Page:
Joel Mullan, the party’s vice-president of policy, said Kenney needs to step down or face a fast-tracked review of his leadership.
“(A resignation) is necessary because both party members and the public have lost faith in Jason Kenney’s leadership,” said Mullan.
He said Kenney has failed by constantly making extreme, inflexible policy decisions on COVID-19, only to retreat when the shifting, mutable crisis has forced his hand.
In the latest retreat, Kenney introduced proof of vaccination requirements after proclaiming for weeks he would never do so.
“We paint ourselves into a corner where there’s no other option but to turn yourself into a liar to get out of it,” said Mullan. “This is a highly fluid situation with a virus we don’t have a firm understanding of yet.
“There’s no management of public expectations. Instead, it’s just telling people, ‘Nope, this is how it’s going to be’ until it isn’t. It’s no wonder that people don’t trust him anymore.”
Kenney is not facing a party leadership review until late next year unless at least 22 United Conservative constituencies vote to hold one earlier.
Mullan said more than 30 constituency associations have said they intend to call for a review but most have yet to formally ratify their decisions.
“I don’t know exactly when it will be done, but it seems to be moving quite quickly.”
Mullan said if a leadership review were to be called, it would take place within two to three months. Kenny would need a simple majority of votes by the membership to keep his job.
“If he gets less than 50 (per cent), he’s fired.”
Asked about Mullan’s comments and discontent in his caucus, Kenney said he is focused not on internal politics but on the health crisis.
“I believe I have the confidence of the members of my party, of our caucus, of our party board. There will be a leadership review in due course,” he said late Tuesday.
Last week, Dr. Deena Hinshaw, Alberta’s chief medical officer of health, admitted the fuse on the explosive fourth wave was lit in July when Kenney lifted almost all health restrictions, faster than any other province. He said it was safe to do so because 70 per cent of eligible Albertans had received at least one dose of vaccine.
Kenney declared COVID-19 was effectively defeated and that a future rise in cases could be accommodated in the health system. He said he didn’t envision needing a fallback.
After that, vaccination numbers effectively stalled and fell behind other provinces. That prompted Kenney to recently offer $100 to anyone getting a first or second shot.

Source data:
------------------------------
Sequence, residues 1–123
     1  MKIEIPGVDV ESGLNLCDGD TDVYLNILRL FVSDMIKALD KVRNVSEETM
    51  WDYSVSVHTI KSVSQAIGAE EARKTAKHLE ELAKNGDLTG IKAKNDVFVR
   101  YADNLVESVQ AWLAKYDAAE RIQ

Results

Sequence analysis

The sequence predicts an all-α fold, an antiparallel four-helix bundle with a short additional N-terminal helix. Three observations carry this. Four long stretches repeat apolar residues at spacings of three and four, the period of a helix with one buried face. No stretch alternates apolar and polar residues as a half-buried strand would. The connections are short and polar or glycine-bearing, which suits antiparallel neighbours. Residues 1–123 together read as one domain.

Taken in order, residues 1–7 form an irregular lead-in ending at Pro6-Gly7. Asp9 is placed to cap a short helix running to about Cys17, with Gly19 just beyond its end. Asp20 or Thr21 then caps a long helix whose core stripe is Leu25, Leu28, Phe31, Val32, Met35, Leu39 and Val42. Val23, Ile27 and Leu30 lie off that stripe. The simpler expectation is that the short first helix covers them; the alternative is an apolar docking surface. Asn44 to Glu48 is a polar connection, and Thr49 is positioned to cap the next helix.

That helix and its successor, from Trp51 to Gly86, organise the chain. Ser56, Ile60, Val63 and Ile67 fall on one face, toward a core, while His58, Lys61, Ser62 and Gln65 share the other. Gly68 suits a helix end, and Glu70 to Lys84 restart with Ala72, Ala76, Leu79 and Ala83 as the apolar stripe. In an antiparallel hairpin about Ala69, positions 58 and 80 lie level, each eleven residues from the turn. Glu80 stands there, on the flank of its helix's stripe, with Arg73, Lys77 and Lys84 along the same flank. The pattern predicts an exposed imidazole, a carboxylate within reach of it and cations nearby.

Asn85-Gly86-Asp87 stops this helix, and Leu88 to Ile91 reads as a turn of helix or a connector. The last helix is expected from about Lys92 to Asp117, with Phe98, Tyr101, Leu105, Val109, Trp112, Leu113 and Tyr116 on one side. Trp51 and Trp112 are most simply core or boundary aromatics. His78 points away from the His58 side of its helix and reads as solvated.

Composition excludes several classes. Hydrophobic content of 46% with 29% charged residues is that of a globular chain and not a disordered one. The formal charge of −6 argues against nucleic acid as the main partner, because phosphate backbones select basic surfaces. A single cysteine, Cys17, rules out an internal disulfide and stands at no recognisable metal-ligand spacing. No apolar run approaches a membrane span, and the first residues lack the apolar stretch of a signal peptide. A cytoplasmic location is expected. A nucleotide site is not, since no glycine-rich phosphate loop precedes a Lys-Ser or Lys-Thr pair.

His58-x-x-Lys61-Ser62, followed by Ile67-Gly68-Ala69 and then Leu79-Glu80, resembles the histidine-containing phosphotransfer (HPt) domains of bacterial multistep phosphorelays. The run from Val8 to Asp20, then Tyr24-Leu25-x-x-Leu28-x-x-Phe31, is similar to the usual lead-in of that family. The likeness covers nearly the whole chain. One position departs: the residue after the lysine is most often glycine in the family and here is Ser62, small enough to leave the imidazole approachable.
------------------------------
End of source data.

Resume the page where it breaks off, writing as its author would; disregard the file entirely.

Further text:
Notley said Kenney’s government failed to act during July and August as case numbers spiralled and the premier went on vacation.
“There are 60 members of the UCP caucus who sat on their hands from between 30 and 40 days in the latter part of this summer and did nothing, even when they had the information that the so-called Open For Summer Plan was going to fail and Alberta’s health-care system was going to be fundamentally and terminally threatened,” she said.
“And that is the group of people who are now pulling out the knives.”
Last week, he said he didn’t act earlier because he didn’t believe Albertans would have followed renewed health restrictions.
This report by The Canadian Press was first published Sept. 21, 2021.
Dean Bennett, The Canadian Press
Mom, toddler found dead were killed in suspect's Hinton, Alta., apartment: RCMP
HINTON, Alta. — RCMP say a woman and her 16-month-old toddler found dead in Hinton, Alta., were killed in the apartment of the suspect charged in their deaths.
Police say the bodies of the 24-year-old woman and her child were discovered last Friday but they are unable to say where they were found because the case is before the courts.
RCMP in a release say they died on Thursday — the day before they were reported missing.
Police say autopsies completed on the weekend determined the deaths are homicides.
Robert Keith Major, 53, of Hinton, has been charged with two counts of second-degree murder and one count of indignity to human remains.
RCMP say the mother and child lived in the same apartment complex as Major, whose next court appearance is Oct. 20 in Hinton provincial court.
This report by The Canadian Press was first published Sept. 21, 2021
The Canadian Press
Note to readers: This is a corrected story. Previous version had homicides on Wednesday, found Thursday.